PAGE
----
Getting Around in Russia


Russia is a vast nation that covers an area larger than Western Europe and is home to more than 160 million people. Ruled by czars of the Romanov family from the seventeenth through the nineteenth centuries and then by Soviet communists after 1917, it was one of the most powerful countries in the world until its collapse in 1991. The Kremlin and Red Square remain big-ticket sights, but there is much more to this ancient land of the tsars and cosmonauts.

Getting around Russia

It can be tricky to get from one city to another in remote parts of the country, especially in Siberia or the Far East. While direct flights between major cities exist, it may be difficult to find them on the dates you need and they can add up in costs. In these situations, it can be more cost-effective and time efficient to travel by train.

Siberian railways provide a chance to see a huge slice of the country in comfort while relaxing with a cup of tea and some “train talk.” Many Russian travelers consider the journey itself just as important as any destination along the route, so be sure to factor this into your plans.

A variety of accommodations exist in Russia, from hostels to luxury hotels and everything in between. Hostels tend to be the most affordable options in bigger cities, but there are also plenty of modern, mid-range hotels with a variety of amenities. Many of these are found in renovated historic buildings or refurbished former factories. In rural areas, pensions and private family homes may be the best options for budget lodging.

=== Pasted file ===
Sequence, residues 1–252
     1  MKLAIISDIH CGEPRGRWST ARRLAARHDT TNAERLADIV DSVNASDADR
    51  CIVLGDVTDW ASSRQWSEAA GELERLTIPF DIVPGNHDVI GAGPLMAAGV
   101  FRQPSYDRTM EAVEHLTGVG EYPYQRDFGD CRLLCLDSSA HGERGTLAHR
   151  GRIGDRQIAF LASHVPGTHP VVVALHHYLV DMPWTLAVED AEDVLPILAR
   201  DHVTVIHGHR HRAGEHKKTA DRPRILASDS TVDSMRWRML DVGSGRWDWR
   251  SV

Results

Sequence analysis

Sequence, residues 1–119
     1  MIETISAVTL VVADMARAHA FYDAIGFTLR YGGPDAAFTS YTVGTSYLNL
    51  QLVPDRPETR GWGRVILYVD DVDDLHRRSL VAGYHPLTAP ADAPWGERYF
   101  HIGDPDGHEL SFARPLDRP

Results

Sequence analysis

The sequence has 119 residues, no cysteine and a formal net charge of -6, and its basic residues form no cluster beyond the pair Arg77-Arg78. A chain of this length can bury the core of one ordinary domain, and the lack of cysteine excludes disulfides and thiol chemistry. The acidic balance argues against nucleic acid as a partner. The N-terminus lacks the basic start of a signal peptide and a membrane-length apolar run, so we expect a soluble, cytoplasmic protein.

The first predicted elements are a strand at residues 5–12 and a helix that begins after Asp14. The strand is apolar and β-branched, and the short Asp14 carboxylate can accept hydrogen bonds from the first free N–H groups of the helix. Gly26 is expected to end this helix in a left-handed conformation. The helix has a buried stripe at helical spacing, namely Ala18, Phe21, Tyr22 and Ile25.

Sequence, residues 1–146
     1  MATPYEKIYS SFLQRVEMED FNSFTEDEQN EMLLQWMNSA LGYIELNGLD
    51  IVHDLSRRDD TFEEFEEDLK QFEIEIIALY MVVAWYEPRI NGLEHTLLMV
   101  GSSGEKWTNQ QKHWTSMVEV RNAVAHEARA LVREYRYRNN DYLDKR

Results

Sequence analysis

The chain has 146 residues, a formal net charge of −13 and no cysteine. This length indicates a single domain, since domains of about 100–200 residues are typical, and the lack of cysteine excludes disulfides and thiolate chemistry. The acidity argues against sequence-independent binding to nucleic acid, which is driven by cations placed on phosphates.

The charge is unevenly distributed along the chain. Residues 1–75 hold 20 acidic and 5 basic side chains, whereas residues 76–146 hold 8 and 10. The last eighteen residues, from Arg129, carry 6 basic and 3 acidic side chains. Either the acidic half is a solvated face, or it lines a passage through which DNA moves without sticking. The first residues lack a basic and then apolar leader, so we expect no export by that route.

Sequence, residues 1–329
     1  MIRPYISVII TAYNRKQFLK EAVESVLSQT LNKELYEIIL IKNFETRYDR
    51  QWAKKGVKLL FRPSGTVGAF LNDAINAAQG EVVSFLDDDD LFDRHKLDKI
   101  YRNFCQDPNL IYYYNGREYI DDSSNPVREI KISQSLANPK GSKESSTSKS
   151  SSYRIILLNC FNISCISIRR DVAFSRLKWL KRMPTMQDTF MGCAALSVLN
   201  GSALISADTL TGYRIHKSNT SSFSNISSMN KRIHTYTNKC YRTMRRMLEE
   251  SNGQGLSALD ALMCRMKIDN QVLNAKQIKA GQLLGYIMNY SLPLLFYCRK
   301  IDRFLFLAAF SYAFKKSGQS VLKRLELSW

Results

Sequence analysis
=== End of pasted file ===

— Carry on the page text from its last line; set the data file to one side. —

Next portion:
Russia is generally safe for visitors, though violent crime and robbery can occur in some cities. Extortion is widespread in many urban centers and small businesses are vulnerable, so it’s important to take precautions to protect yourself and your possessions.

Health concerns include hepatitis A and diphtheria. Tap water is unsafe to drink outside of Moscow, and the U.S. Centers for Disease Control recommend tetanus and diphtheria vaccinations for all travelers to Russia. Cholera outbreaks are rare, but typhoid is a concern in some areas.

Standard Russian is the official language, but other Slavonic languages are widely spoken throughout Russia. The Cyrillic alphabet is related to Latin but has its own unique characteristics, which can be confusing for first-time visitors. Ethnic and regional variations in pronunciation are common, as are significant differences in vocabulary. Food is a huge part of Russian culture, and restaurants can be found in nearly any architecturally significant building. Many larger cities also have food markets that are less expensive than sit-down restaurants and offer a wide range of cuisines from all over the world. Some food markets are set up to serve business lunches. These meals can be a great way to try out a range of local dishes and learn about the Russian food scene at the same time. You can also save on dining out by making your own food in a local kitchen or buying ingredients at a grocery store and cooking it in your hotel room.